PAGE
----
I know people are reading, and concerned, so though I had posts planned, let me jump to the present day (June 6) and total confusion. I've had two endoscopies with biopsies that were read as what's known as signet-ring cell stomach cancer. The second of those readings (with more extensive biopsies) was confirmed by the University of Chicago. But no one is going take out a stomach based on what amounts to one thorough endoscopy. So the University of Chicago did their own, third, endoscopy with biopsies and ultrasound (signet-ring cancer often causes a thickening of the stomach wall). Today, the U of C surgeon called and said, "These are preliminary results and we won't have our multi-disciplinary meeting where we present your case until next Tuesday, but based on what we know so far, we don't think you have stomach cancer."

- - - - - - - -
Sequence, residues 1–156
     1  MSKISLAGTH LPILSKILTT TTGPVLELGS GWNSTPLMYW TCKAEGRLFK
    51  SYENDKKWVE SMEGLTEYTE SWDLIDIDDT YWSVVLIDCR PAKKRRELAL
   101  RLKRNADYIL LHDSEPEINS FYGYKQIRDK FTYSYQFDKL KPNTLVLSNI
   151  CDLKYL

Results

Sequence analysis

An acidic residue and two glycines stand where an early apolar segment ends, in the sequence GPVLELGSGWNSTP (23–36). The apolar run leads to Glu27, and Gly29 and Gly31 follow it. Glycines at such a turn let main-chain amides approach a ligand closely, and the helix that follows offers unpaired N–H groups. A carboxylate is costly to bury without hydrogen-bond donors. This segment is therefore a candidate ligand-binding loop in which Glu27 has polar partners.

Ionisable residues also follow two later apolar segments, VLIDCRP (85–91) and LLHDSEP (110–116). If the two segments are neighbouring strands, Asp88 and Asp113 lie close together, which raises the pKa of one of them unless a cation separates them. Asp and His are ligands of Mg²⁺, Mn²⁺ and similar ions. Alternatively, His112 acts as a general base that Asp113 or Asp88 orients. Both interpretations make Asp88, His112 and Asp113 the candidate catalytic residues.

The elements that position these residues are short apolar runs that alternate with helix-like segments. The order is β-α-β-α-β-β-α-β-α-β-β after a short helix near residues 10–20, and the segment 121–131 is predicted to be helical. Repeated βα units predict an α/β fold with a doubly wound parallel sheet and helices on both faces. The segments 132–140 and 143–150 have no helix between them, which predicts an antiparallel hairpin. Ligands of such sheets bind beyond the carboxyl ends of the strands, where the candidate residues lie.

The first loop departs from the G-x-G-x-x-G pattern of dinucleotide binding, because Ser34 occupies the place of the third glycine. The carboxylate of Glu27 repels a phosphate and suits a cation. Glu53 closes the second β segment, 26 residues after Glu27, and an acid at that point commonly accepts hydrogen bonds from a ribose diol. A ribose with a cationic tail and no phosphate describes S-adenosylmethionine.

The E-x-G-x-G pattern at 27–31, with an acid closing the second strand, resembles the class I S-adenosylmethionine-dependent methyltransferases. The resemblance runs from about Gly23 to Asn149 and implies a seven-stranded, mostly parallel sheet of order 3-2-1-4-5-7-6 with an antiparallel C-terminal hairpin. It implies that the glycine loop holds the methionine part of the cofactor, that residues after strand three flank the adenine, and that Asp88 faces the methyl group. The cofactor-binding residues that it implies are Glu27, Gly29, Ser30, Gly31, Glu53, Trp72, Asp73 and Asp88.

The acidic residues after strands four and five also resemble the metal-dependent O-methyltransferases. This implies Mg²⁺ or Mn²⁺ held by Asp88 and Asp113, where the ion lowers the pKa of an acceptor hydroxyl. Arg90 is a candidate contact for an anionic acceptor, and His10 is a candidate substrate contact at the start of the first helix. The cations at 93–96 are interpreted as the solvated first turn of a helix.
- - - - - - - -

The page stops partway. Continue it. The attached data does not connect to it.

I think it was the first time in human history that someone heard that and answered "I was afraid you'd say that." Lemme explain: diffuse gastric cancer, which is what I might have, is often missed by endoscopic biopsies. It doesn't grow in a tumor, but in little clumps of cells, either on the inside of the stomach, or in the sub-layers of the stomach wall. It's not really surprising that one, or even five endoscopies would miss it. So endoscopies that don't find cancer don't get me off the hook; what needs to happen is for someone to look at the slides that were read as signet-ring cells and say "Oh, those look like signet-ring cells, but in fact they're something else." That hasn't happened yet, and now begins the third major search: for a pathologist or group who specializes in diffuse gastric cancer. Clearly, this isn't bad news, but if I do have a cancer that just wasn't detected the third time, I'm not thrilled about leaving it in me. But surgery is postponed for the moment (it might have happened as early as next week), and I might actually go elsewhere to be examined.
The sympathetic oncologist says: "This is the first lesson: you're not in control."